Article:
Webinar offers economic insights The current dairy environment requires producers to focus on core values, practice discipline in the fundamentals of business and take ownership of their dairy’s numbers. David Kohl is a Prof e s s o r Emeritus David Kohl of agricultural finance as well as small-business management and entrepreneurship at Virginia Polytechnic In-

stitute and State University. He’ll be offering a webinar regarding economic management entitled, “Get a Grip on Ag Economics,” from noon to 1 p.m. Oct. 17. It’s one of Professional Dairy Producers of Wisconsin’s “World Class Webinars.” From the board room to the frontlines Kohl has traveled several millions of miles and gleaned a wealth of information from around the globe. In this webinar he’ll share the latest regarding core factors that will influence the dairy in-

dustry and business models of the future. He’ll discuss five “tools for the times” to jumpstart dairy businesses for the next decade. Visit www.pdpw.org or call 800-947-7379 for more information. Participants who register can watch the session live; a fully recorded version will also be available to watch later. All past PDPW World Class Webinars are available in the PDPW Webinar Library. Visit pdpw.org/ webinar-library for more information.

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Blending a ration for best Drive, Fond du Lac. call 800-947-7379 for more production is an ongoing Visit www.pdpw.org or information. challenge for dairy producers. A difficult growing season makes it a particularly ambitious task. The Professional Dairy Producers of Wisconsin’s Feed Management Tours will showcase feeding strategies Oct. 24 — Keith Beer at two successful Wisconsin dairies in Fond du Lac County. Attendees will engage in dialogue with hosts at VirClar Farms of Fond du Lac and Second Look Holsteins of Eden. They will take a closer look at each dairy’s approach to feed management. Several critical insights will be highlighted.  innovative solutions to feed storing, mixing and delivering  value of using feed-management software  effective strategies for BEER FARMS AND CATTLE CO, BERNE, INDIANA, Max (left), Karen, Keith (right) and Craig Beer managing leachate  incorporating no-till Calving nearly 200 two-year-olds monthly, milking only fresh heifers, SCC 150 to 160,000 practices  using cover crops “Getting udders softer, faster for more milk is why we use Udder Comfort.™ For fresh heifers, Participants will learn that’s key. Using this product for 4 years on 2-year-olds after calving, the proof is in the about the benefits of feedpudding. Udders are more pliable. We see lower SCC and a 3- to 4-pound production Quality Udders Make Quality Milk ing a diet consisting of solely increase by 14 days in milk,” says Keith Beer. He and Craig and parents Max and Karen corn silage and western dry raise and sell fresh heifers, calving nearly 200 monthly at Beer Cattle Co., Berne, Indiana. To locate a dealer, call 1.888.773.7153 hay as forage sources. They’ll “Dairies continue to get more milk per cow, and we find ways to supply them with heifers Visit our new website at uddercomfort.com also discover the advantages that continue to get more milk. Udder Comfort is part of that. With their Spray Gun and @uddercomfort of customizing a feed-manBackpack Sprayer, it’s simple and easy to get the job done. agement system that suits “We trialed the Udder Comfort Backpack Sprayer, a great tool to do pre-fresh heifers in headlocks 1x/day For external application to the udder only, after milking, as an their dairy’s specific needs. component of udder management. Always wash and 7 days before calving. Our results were similar to post-fresh with the Spray Gun in the parlor. A combination essential dry teats thoroughly before milking. During lunch discussions is ideal: 1 to 2 days before calving and 3 to 5 days after. For us, post-fresh in the parlor is the best fit. with consultants and tour “Seeing the difference it makes, our guys are proud do it, using the Udder Comfort Spray hosts, attendees will have Gun on parlor air before cows exit 2x/day 5 to 7 days after calving. One pass (front to rear) an opportunity to ask quesdelivers Udder Comfort to the bottom of the udder and up a few inches, overcoming edema tions. around teats and the suspensory ligament, getting udders ready to accept volumes of milk. A chartered bus will pick “This product works. With either method, 5 gallons covers a month for us, averaging 12 applications up attendees at the Radisson on 200 fresh heifers.” Hotel and Conference Center, 625 W. Rolling Meadows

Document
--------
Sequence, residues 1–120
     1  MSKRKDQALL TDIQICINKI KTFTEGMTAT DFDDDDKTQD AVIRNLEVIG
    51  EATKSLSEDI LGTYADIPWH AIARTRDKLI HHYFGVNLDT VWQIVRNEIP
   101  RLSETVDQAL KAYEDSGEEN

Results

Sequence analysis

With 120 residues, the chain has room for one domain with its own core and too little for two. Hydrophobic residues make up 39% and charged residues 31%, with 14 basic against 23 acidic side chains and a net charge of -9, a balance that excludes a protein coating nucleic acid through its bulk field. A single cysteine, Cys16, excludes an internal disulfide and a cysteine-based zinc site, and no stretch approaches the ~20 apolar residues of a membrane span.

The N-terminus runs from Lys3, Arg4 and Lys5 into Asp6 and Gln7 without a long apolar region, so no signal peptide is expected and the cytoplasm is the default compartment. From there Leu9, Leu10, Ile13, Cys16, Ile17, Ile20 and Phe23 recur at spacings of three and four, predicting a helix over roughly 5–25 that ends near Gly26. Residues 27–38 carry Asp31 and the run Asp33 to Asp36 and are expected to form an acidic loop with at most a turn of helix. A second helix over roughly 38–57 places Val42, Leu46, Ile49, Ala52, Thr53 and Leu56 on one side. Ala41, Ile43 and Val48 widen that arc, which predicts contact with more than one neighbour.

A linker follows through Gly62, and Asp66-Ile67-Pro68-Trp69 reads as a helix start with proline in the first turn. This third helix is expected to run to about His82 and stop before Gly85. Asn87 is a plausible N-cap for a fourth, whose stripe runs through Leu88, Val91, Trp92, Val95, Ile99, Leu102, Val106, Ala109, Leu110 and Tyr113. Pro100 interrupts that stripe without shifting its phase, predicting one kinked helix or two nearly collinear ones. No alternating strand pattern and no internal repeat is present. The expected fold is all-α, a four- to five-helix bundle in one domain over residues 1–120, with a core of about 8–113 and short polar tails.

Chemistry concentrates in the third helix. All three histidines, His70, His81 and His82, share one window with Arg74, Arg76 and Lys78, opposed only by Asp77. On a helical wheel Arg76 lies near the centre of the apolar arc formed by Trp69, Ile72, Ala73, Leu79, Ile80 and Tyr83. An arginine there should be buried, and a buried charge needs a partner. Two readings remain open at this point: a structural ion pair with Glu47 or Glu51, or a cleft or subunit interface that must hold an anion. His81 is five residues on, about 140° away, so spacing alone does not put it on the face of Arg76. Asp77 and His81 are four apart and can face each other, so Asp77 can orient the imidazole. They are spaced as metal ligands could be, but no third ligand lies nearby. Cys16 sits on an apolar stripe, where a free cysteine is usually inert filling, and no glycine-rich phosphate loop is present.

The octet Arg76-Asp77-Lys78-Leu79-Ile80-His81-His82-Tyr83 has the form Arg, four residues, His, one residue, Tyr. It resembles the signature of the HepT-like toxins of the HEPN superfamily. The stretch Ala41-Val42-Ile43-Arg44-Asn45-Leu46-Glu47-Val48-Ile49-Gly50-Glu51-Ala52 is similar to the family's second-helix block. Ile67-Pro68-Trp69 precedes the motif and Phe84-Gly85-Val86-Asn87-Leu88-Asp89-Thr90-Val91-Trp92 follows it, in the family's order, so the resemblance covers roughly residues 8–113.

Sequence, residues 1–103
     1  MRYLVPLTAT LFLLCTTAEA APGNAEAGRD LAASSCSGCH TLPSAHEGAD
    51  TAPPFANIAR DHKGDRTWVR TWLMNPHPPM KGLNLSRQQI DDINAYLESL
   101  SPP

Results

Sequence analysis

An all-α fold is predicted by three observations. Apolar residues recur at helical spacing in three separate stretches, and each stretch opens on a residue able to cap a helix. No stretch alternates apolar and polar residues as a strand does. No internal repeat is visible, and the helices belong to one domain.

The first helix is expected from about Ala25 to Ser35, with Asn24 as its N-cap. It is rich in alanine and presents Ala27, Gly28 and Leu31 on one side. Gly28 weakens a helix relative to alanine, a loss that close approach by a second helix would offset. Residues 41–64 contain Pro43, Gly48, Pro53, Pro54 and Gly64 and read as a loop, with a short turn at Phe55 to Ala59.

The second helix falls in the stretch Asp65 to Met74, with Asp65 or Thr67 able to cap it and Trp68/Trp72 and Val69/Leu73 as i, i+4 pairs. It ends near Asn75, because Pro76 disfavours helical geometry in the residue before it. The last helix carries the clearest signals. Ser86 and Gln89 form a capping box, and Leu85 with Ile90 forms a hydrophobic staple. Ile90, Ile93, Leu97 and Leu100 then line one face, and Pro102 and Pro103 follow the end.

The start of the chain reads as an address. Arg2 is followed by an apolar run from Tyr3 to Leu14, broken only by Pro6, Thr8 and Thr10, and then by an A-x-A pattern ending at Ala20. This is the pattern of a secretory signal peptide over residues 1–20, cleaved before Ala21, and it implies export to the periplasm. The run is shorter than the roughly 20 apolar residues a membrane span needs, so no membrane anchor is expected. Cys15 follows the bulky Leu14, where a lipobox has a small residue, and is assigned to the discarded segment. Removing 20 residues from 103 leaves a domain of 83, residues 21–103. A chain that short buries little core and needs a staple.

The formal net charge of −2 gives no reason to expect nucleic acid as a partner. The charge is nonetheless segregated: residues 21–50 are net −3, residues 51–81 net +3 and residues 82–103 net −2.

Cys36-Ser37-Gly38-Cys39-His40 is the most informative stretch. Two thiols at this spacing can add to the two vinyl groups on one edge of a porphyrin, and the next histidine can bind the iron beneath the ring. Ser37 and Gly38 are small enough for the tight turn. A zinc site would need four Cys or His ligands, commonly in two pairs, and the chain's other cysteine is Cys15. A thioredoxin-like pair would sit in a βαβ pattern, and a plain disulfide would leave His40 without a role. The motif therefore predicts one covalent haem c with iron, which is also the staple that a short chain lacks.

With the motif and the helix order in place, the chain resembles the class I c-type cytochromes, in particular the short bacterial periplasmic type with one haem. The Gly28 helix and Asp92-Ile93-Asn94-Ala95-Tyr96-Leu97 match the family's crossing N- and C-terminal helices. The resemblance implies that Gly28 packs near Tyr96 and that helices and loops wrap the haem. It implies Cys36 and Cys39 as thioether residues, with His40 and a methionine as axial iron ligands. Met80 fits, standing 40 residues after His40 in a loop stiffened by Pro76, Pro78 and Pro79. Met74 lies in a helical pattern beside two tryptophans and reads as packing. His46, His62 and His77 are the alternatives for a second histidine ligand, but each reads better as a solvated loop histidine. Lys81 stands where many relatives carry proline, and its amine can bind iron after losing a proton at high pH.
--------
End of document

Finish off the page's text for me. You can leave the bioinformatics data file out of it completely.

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Sharing ideas, solutions, resources and experiences that help dairy producers succeed.

PDPW: Who we are